Yesterday morning London’s Barclays PLC (NYSE:BCS) dominated the headlines on news that not one but two of its top executives have resigned over the recent scandal surrounding manipulation of the London Interbank Offered Rate (LIBOR). And with a $453 million settlement ordered from the company, many are wondering how this multinational banking giant will cope with the loss. Can Barclays regain its momentum after this devastating blow? Let’s find out.
With nearly $2.5 trillion in assets and operations in over 50 countries, Barclays Plc ranks as the fourth-largest bank in the world. Barclays also enjoys the distinction of being one of the longest-running banks in the world, with origins traced back to 1690. The company employs over 146,000 worldwide and brought in $58 billion in sales in the last fiscal year.
Last month, Barclays Bank was the subject of an international investigation into charges that the bank tried to manipulate the London Interbank Offered Rate and the Euro Interbank Offered Rate, two benchmarks for interest rates around the world. This is a serious matter because more than $800 trillion in securities and loans are linked to LIBOR alone.
Barclays was found guilty of these charges and fined a total over $450 million, including the largest ever fine levied by the U.K.’s Financial Services Authority. This shocking announcement sparked an exodus of two of Barclay’s top executives, including CEO Robert Diamond on Tuesday and Chairman Marcus Agius.
Even weeks before the settlement was announced, there were red flags about Barclay’s financial health. When the company posted first-quarter earnings at the end of April, it revealed a statutory loss of 474 million pounds for the quarter, compared with a profit of 1.65 billion pounds the same quarter prior year.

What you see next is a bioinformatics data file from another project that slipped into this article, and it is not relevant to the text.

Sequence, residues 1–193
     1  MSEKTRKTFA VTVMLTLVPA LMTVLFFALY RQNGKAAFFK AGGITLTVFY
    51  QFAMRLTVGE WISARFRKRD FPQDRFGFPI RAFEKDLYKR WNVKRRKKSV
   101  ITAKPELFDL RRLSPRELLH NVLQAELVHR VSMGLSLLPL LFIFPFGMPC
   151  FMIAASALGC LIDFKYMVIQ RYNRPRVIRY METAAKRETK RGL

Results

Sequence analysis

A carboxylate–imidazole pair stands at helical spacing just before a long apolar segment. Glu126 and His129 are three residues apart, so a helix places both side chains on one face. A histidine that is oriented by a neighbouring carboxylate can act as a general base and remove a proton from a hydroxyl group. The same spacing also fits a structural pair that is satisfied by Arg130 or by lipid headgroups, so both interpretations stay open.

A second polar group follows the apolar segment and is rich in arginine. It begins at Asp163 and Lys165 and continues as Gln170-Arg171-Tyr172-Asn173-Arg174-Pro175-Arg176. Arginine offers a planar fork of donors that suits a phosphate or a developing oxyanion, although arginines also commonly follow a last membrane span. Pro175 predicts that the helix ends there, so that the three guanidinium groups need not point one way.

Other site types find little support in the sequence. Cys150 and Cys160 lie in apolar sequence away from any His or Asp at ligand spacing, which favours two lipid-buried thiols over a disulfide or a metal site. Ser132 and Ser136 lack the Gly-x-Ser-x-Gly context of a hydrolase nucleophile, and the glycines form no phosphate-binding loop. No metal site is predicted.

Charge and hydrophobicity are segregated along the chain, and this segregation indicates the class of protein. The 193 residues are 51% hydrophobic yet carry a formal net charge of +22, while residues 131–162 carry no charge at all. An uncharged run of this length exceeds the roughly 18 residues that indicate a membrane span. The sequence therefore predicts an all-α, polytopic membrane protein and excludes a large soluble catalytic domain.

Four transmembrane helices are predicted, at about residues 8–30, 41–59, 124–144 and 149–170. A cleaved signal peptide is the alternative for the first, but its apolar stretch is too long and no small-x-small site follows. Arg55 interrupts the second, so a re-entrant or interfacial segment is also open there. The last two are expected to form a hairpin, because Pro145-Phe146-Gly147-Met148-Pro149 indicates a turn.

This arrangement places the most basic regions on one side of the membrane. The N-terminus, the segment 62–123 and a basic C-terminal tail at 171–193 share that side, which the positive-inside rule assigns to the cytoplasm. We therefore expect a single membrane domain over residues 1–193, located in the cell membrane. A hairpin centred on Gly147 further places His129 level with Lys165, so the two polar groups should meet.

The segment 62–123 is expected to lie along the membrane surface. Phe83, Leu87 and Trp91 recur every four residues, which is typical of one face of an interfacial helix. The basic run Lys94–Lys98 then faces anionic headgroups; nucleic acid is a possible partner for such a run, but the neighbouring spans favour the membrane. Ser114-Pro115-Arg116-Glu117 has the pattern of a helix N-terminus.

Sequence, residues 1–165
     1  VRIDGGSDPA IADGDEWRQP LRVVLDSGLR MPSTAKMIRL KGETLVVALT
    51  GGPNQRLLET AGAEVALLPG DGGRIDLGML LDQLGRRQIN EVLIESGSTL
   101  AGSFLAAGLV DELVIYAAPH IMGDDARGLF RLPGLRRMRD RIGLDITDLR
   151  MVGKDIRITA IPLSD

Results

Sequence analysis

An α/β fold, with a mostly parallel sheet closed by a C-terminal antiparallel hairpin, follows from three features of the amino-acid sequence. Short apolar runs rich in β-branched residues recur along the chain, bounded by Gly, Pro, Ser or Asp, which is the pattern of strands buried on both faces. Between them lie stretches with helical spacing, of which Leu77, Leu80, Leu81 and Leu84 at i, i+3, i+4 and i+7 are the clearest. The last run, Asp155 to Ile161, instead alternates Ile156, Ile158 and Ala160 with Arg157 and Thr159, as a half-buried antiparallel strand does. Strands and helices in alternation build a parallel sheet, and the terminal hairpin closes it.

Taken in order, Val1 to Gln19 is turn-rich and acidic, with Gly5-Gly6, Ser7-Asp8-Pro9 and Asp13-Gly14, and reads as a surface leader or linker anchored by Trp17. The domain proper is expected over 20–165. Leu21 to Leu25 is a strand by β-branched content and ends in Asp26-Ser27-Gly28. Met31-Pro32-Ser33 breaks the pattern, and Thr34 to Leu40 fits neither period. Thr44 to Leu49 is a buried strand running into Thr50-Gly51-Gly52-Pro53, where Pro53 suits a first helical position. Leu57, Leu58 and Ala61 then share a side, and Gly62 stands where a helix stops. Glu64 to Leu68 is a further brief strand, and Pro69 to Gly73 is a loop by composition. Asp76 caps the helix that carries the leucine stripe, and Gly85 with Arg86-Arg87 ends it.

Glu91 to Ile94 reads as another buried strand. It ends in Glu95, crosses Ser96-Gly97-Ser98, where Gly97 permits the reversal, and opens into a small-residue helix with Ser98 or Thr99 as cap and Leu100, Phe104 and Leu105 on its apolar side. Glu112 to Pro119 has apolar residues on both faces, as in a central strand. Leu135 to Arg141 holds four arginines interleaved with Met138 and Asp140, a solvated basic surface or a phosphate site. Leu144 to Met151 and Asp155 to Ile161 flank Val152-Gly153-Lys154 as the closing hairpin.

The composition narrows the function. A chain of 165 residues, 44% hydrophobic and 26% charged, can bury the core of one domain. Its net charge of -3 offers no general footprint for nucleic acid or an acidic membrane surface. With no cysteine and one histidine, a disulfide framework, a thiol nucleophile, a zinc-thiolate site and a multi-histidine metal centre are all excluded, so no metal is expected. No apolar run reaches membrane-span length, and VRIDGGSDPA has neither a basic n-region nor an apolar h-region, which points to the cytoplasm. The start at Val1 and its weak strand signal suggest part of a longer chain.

Then at the end of April, Barclays sold its entire $6.1 billion stake in BlackRock (NYSE:BLK) at a loss to help boost its return on equity. And most recently, Barclays was among the 15 financial institutions to have its ratings cut by Moody’s (NYSE:MCO).
Before you buy any stock, you should always run it through my free Portfolio Grader ratings system. From July 2010 to April 2011, this stock improved from an F-rated sell to a C-rated hold.
However, in the past few months buying pressure have once again dipped for this stock so BCS has fallen back into sell territory. The company is struggling in terms of fundamentals; of the eight fundamental variables I screened BCS on, the company only received a good rating for its cash flow.
All other fundamentall variables, including sales and earnings growth and return on equity, were D- or F-rated. To add insult to injury, the stock’s Quantitative Grade (which indicates the current level of buying pressure) is very weak as well. BCS receives a D for its Fundamental Grade and a D for its Quantitative Grade.
Bottom Line: As of this posting, July 3, I consider BCS a D-rated sell. With the recent shakeup, I really don’t see this stock moving out of sell territory anytime soon.
Recommendation: D-rated Sell
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